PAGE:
Tai-Pan is Chinese for "supreme leader". This is the man with real power to his hands. And such a Tai-Pan is Dirk Struan who is obsessed by his plan to make Hong Kong the "jewel in the ...
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Ian Struan Dunross is chairman of Struan & Co, the oldest and largest of the British-East Asia trading companies. To the Chinese, that also makes him "Tai-Pan" ("supreme leader") of the "... See full summary »
Tai-Pan is Chinese for "supreme leader". This is the man with real power to his hands. And such a Tai-Pan is Dirk Struan who is obsessed by his plan to make Hong Kong the "jewel in the crown of her British Majesty". In 1841 he achieves his goal but he has many enemies who try to destroy his plans. Will they succeed? Written by
Harald Mayr <firstname.lastname@example.org>
The film was made and released about exactly twenty years after its source novel "Tai-Pan" by James Clavell had been first published in 1966. See more »
In a scene, set in 1841, several of the ladies were wearing bright mauve outfits. That would have been most unlikely for the wives of middle class traders at that time as the color purple was prohibitively expensive before the invention of analine dyes in London - in 1856. By 1870 these gaudy colors had become so cheap and commonplace that it became a status symbol to mimic the subtler, paler colors of the pre analine dye days. See more »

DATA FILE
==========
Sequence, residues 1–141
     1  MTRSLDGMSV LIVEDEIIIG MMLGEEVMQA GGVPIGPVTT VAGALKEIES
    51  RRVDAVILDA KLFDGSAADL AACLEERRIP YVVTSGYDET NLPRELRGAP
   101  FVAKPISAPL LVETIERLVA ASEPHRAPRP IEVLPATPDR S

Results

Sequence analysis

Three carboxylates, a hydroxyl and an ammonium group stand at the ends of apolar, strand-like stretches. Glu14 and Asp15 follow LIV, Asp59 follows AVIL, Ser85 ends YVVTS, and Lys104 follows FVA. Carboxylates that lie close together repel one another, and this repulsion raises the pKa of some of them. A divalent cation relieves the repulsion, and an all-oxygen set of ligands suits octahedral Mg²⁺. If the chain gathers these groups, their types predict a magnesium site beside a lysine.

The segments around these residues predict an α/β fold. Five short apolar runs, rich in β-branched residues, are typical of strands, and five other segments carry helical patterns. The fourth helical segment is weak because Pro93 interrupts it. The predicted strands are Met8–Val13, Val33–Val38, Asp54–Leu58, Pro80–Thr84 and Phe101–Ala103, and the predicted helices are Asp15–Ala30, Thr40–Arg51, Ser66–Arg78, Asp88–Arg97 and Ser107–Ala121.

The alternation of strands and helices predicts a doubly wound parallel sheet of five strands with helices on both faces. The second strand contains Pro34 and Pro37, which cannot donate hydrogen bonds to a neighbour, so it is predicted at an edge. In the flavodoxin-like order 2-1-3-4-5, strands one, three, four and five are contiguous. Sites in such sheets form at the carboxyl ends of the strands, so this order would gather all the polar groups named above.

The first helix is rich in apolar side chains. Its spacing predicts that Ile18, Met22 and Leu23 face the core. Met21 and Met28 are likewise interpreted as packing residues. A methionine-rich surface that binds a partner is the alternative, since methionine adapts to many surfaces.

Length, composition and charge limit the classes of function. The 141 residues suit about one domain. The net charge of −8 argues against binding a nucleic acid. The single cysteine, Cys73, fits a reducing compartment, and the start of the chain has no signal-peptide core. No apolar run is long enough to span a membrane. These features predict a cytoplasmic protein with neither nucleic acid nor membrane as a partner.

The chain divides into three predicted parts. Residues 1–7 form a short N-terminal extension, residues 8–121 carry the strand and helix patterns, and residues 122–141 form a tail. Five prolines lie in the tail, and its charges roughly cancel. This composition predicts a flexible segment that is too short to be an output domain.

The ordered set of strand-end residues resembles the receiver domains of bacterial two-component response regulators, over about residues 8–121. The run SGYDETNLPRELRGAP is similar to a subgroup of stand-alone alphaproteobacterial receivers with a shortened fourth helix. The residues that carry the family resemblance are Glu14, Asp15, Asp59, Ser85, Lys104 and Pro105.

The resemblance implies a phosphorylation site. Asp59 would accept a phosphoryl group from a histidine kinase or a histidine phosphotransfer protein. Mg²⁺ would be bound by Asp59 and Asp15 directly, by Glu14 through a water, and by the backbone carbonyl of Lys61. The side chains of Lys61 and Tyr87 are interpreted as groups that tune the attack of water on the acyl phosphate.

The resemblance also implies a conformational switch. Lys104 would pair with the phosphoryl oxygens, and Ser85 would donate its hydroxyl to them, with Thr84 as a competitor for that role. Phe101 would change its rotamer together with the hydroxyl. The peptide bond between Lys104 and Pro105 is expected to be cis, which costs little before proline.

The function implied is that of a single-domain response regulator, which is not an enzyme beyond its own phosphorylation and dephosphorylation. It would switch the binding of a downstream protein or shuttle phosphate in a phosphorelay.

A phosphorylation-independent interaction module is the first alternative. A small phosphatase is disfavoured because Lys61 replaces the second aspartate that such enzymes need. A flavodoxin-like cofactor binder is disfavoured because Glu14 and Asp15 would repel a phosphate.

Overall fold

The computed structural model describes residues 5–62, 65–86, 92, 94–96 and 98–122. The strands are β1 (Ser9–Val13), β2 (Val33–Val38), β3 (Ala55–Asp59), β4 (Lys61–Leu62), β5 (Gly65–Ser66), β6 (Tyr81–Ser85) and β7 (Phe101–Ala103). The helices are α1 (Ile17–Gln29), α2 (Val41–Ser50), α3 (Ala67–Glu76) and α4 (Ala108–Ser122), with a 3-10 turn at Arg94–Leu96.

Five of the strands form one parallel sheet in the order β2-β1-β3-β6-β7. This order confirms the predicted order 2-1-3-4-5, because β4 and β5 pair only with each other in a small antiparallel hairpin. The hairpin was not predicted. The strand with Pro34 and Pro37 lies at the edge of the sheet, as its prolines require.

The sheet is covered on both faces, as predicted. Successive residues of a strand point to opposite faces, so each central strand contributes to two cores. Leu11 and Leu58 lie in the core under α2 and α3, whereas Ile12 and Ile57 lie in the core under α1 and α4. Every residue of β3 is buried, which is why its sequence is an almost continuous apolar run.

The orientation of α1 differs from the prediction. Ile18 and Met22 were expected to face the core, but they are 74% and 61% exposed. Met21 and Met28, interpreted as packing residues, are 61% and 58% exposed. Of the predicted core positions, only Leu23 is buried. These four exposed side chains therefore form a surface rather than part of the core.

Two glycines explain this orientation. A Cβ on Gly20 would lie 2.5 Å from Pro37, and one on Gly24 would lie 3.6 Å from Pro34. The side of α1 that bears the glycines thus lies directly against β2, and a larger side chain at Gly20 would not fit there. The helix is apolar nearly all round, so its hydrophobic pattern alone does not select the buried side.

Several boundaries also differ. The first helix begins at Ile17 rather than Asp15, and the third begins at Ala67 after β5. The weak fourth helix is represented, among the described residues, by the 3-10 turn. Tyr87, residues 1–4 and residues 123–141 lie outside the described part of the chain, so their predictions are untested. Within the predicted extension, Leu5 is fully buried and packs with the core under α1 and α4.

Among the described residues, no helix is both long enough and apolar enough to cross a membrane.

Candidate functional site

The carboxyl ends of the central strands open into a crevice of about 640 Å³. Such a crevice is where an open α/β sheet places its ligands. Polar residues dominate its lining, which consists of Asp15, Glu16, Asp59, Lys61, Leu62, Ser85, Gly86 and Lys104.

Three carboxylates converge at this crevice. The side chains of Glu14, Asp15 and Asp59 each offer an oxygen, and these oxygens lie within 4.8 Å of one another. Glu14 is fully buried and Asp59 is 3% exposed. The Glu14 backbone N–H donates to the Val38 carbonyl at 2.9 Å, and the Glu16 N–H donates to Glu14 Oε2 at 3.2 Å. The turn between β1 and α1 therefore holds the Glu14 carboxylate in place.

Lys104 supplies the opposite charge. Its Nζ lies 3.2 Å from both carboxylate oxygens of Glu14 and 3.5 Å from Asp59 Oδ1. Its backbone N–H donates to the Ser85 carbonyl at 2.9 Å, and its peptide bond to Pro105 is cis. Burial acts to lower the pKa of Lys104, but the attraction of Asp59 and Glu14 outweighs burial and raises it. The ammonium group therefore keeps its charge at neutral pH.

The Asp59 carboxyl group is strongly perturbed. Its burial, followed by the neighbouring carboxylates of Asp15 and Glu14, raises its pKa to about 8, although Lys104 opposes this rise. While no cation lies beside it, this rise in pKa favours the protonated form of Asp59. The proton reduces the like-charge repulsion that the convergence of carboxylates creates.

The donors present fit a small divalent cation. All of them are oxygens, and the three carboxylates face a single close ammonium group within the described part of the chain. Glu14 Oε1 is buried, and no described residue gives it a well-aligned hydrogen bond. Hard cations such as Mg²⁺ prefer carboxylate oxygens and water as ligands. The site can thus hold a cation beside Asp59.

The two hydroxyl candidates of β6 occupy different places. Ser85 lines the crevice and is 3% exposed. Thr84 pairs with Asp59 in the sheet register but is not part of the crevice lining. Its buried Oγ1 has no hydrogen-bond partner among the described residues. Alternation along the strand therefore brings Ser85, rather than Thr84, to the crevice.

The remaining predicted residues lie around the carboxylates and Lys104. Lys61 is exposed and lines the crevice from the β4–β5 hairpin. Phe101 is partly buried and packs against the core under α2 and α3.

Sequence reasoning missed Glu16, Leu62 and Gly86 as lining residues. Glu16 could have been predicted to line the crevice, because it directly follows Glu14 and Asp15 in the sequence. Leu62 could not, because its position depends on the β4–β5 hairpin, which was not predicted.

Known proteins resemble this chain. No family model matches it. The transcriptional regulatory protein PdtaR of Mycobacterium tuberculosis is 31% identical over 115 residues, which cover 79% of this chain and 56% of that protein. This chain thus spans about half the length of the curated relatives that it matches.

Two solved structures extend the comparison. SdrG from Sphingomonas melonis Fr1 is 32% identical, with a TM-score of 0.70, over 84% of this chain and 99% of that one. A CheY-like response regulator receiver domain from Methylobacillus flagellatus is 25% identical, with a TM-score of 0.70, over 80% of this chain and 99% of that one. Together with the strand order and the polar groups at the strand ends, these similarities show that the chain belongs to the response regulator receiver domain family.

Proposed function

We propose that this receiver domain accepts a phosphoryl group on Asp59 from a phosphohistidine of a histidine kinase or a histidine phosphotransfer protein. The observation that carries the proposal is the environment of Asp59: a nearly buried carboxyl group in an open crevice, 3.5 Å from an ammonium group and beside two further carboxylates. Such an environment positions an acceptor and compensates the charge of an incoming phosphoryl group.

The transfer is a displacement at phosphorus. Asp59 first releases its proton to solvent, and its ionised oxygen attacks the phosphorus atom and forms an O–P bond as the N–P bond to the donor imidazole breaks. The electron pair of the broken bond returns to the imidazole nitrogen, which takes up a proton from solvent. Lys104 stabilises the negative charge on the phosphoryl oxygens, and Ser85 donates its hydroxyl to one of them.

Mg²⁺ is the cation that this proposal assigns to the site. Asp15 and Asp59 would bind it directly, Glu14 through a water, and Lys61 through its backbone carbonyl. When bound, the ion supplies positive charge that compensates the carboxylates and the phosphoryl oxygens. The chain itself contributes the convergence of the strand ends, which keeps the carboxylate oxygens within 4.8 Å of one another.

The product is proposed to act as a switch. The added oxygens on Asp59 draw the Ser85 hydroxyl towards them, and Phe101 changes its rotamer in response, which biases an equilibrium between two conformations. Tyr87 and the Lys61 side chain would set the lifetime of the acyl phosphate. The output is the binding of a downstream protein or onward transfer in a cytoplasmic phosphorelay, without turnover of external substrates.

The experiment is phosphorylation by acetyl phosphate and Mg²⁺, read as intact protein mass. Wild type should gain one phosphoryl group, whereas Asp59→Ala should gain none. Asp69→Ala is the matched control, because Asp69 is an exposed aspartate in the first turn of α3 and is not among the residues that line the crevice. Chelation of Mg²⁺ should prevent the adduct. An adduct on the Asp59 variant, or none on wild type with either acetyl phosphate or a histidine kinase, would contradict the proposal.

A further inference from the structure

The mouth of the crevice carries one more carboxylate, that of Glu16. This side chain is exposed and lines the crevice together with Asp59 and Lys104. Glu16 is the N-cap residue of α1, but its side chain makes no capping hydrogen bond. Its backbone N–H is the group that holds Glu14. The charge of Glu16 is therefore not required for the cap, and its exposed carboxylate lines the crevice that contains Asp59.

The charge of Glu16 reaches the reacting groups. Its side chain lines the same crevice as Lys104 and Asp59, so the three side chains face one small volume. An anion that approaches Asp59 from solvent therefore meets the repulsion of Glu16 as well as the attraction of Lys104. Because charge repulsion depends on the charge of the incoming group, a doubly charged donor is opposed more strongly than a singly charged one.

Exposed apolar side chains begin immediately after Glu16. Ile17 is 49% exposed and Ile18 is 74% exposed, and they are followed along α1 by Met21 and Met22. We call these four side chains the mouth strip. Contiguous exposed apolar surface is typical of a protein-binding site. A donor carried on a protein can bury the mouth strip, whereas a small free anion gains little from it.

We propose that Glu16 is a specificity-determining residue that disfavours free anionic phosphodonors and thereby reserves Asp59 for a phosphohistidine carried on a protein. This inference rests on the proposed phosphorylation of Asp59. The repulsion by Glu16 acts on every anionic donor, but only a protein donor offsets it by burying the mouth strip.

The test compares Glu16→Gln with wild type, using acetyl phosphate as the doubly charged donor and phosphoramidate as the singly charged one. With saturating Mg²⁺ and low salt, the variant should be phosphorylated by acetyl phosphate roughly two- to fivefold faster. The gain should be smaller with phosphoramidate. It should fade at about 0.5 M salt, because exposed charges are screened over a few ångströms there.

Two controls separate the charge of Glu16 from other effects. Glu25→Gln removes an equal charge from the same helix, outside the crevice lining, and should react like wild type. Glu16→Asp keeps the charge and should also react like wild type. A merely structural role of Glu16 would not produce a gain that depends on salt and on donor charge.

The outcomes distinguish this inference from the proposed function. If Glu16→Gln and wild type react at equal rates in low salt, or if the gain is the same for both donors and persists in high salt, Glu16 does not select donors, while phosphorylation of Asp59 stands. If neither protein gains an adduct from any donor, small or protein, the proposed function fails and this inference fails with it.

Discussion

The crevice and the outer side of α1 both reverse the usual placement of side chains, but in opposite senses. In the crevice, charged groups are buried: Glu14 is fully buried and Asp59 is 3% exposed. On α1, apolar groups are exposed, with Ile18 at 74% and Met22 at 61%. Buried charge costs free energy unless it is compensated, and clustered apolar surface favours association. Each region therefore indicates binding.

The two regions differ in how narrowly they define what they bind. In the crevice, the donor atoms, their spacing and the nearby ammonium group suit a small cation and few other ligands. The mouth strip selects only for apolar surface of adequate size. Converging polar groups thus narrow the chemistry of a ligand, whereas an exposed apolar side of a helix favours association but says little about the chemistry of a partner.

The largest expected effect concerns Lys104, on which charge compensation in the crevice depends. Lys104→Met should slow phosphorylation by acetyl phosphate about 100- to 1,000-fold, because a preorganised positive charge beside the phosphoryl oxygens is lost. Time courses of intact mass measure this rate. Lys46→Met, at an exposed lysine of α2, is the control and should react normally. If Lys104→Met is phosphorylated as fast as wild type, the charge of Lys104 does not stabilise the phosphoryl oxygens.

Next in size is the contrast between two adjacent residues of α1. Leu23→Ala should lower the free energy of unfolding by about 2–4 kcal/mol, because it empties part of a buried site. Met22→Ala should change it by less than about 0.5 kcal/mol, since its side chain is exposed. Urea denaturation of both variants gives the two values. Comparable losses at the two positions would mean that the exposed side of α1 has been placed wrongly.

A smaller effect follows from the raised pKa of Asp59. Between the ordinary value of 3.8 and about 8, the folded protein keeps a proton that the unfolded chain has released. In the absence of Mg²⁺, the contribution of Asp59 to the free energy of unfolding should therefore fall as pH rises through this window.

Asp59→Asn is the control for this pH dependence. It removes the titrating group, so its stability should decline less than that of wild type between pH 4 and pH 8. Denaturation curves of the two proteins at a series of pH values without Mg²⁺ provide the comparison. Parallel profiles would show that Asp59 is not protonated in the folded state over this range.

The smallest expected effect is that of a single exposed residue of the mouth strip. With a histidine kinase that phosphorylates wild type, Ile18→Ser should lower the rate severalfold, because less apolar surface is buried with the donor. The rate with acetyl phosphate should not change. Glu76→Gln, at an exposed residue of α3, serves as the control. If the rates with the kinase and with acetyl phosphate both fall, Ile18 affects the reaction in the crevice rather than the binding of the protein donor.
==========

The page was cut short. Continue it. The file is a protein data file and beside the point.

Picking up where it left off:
It's worth pointing out that I came to this film having read James Clavell's excellent novel, TAI-PAN, on which this is based. If I hadn't read the book beforehand, I probably would have enjoyed this adaptation a lot more.
Sadly, I was left feeling that the filmed TAI-PAN is a crushing disappointment, purely because it cuts so very much out of the story. The whole background is missing, the Triad stuff, the politics, the trade with the Chinese. The story is reduced to the human relationships and particularly the family rivalries between the main characters, but there was so much more to it than that.
I do understand that films are very different to books and that adaptations have to cut material out, but TAI-PAN has a two hour running time and a lot of it is slow-paced. If it had told events at a much faster pace, it would have been able to include a lot more of the details and subtleties that are missing here. As it is, there are elements of greatness - plus the novelty of seeing Bryan Brown in a leading role - but it could have been so much more. A miniseries would suffice better, I think.
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